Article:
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How far do you agree that Romeo and Juliet are presented as victims of fate?

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Introduction

The Pre-1914 Drama Unit. Shakespeare's 'Romeo and Juliet': 'A pair of star-crossed lovers'. How far do you agree that Romeo and Juliet are presented as victims of fate? Consider the language used by both and by others about them. In Romeo and Juliet, fate is introduced very early and is a key feature throughout the play. Fate is actually introduced before the first act, in the prologue. The prologue is in the form of a sonnet. In Elizabethan times it was used to settle the audience before the play actually begins. It helps to lay out the plot and predicts what will happen to the characters and it predicts the demise of the star-crossed lovers. Also 'Chorus' sounds like the voice of fate and is saying that Romeo and Juliet's lives have already been written. Chorus says "A pair of star crossed lovers," this is saying that the couple were fated to disaster as it was in the stars. Today astrology is seen as superstition rather than factual and science. Whereas in Shakespeare's time, Astrology was seen and treated by most as a science. Therefore to the Elizabethan audience, Romeo and Juliet being called star-crossed lovers would be seen as a serious omen to the couple. ...read more.

Middle

Another example of this is at the ball. It occurs when Romeo and Juliet first meet at the ball, when neither of them know that the other is from the opposite family and only once they are in love do they realize that they are from the opposite families. On realizing Romeo is a Montague, Juliet says 'Prodigious birth of love it is to me, That I must love a loathed enemy.' The greatest dramatic irony of the play is during Act 5 Scene 3. Romeo finds Juliet dead; this is the peak of the play. This is enhanced by Romeo's actions and words, he says 'Death, that hath suck'd the honey of thy breath, Hath had no power yet up thy beauty: Thou art not conquer'd, beauty's ensign yet.' The final speech sums up his feeling about Juliet and that he is determined to take charge of his own life and fortune as he is in control of his death. Later in the play Juliet talks about fate, 'Can heaven be so envious?' (A3, S2, L40) when the nurse tells her of the death of Tybalt, however Juliet at that time thinks that its Romeo that's dead rather then Tybalt. ...read more.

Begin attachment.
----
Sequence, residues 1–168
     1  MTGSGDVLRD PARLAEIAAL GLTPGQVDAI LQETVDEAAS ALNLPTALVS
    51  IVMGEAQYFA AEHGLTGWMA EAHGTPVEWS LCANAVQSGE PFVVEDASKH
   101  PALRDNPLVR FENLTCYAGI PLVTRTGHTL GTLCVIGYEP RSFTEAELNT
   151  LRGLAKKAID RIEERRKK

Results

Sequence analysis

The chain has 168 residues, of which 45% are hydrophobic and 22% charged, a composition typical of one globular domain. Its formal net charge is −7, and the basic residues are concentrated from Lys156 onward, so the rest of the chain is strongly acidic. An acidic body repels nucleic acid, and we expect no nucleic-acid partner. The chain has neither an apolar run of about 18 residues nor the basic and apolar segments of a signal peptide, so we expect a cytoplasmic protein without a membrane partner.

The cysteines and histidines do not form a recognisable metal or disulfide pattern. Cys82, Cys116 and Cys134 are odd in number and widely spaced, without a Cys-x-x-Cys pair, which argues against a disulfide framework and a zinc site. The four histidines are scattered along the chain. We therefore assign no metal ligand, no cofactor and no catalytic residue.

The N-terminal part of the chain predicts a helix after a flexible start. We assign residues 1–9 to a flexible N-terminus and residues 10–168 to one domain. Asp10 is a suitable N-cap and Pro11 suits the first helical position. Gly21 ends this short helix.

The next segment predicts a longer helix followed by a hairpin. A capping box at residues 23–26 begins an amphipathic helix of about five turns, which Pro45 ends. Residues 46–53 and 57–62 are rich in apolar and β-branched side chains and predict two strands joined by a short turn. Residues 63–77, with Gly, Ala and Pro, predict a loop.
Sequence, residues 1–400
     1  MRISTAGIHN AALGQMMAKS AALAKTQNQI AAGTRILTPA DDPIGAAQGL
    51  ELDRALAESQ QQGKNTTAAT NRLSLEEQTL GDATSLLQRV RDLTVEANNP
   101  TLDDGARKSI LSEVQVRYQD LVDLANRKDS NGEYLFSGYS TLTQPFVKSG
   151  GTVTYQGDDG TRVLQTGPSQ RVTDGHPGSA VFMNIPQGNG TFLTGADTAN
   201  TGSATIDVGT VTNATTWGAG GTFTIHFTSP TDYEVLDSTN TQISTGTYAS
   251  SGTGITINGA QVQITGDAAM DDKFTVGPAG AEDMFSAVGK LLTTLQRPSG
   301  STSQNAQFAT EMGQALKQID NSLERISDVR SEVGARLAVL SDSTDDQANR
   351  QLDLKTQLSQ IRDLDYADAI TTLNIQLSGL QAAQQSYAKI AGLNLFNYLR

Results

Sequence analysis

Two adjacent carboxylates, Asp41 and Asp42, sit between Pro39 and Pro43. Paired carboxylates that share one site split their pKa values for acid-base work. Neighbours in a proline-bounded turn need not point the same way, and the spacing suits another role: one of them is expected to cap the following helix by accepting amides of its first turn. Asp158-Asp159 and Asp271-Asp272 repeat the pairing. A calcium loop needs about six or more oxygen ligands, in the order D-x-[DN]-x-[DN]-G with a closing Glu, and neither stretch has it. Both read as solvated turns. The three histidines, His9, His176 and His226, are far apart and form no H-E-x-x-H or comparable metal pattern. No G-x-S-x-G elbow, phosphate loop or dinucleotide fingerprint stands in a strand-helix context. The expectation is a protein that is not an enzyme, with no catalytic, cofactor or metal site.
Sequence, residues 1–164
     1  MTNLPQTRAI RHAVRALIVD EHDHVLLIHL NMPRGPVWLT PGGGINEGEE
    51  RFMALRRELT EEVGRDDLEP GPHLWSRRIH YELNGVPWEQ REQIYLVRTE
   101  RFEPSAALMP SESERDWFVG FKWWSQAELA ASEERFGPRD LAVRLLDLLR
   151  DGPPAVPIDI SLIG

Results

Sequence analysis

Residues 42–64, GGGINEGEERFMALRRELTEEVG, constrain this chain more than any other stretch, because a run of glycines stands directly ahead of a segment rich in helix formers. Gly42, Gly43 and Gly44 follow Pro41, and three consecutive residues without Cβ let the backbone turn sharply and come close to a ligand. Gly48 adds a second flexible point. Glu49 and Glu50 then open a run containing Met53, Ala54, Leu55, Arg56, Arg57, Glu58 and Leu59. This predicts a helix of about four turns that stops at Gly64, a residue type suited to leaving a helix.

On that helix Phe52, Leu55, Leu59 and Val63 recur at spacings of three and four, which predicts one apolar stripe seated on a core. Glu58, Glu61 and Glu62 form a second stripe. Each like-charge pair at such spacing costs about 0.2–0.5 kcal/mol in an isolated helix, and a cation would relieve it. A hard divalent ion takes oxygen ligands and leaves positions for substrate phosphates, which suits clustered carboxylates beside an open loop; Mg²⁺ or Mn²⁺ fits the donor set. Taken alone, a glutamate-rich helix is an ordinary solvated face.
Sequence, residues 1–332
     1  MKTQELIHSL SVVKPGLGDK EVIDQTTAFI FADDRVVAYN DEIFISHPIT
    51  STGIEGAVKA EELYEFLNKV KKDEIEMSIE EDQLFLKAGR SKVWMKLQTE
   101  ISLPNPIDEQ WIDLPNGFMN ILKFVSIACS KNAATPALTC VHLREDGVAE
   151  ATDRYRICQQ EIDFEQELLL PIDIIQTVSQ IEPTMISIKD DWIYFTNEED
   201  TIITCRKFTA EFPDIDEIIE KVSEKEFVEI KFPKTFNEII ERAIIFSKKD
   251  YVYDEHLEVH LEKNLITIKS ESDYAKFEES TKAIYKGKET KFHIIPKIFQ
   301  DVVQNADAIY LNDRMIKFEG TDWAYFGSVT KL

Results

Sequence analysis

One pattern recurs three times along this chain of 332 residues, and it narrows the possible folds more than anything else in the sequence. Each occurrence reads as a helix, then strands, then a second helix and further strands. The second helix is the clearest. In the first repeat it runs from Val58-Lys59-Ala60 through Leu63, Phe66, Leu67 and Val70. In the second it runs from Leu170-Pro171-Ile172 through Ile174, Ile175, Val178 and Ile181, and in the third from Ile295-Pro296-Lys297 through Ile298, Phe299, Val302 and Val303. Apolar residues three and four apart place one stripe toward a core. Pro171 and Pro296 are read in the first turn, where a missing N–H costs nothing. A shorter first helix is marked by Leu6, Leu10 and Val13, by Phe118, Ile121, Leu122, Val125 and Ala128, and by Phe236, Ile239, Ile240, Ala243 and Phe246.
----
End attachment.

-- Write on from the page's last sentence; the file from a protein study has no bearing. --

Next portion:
Conclusion

Shakespeare used suspense a lot in order to stop the crowd from getting bored. There were lots of distractions in the Elizabethan theatre; like food sellers, people talking and mainly heckling. Free will is incorporated in the play. One of the first examples of free will is before the ball, when Romeo eventually decides to go to the ball even though his dreams have told him not too. 'Some consequence yet hanging in the stars shall bitterly begin his fearful date.' He is saying that something bad is in the stars and that they shouldn't go to the ball. Even though he believes this he still chooses to go to the ball. Another indication of free will is at the end of Act 2 Scene 2 when Juliet tells Romeo that she is going to send him a message, she says 'I will not fail.' This is her own doing and cannot be affected by fate or destiny. The final main indication of free will is at the climax. Romeo gives a long speech, 'will I set my everlasting rest, and shake the yoke of inauspicious stars from the world-wearied flesh. Eyes look your last.' He sums up how he is feeling and that he is determined to out do fate and take control of his life for the last time by being in control of his own death. ...read more.

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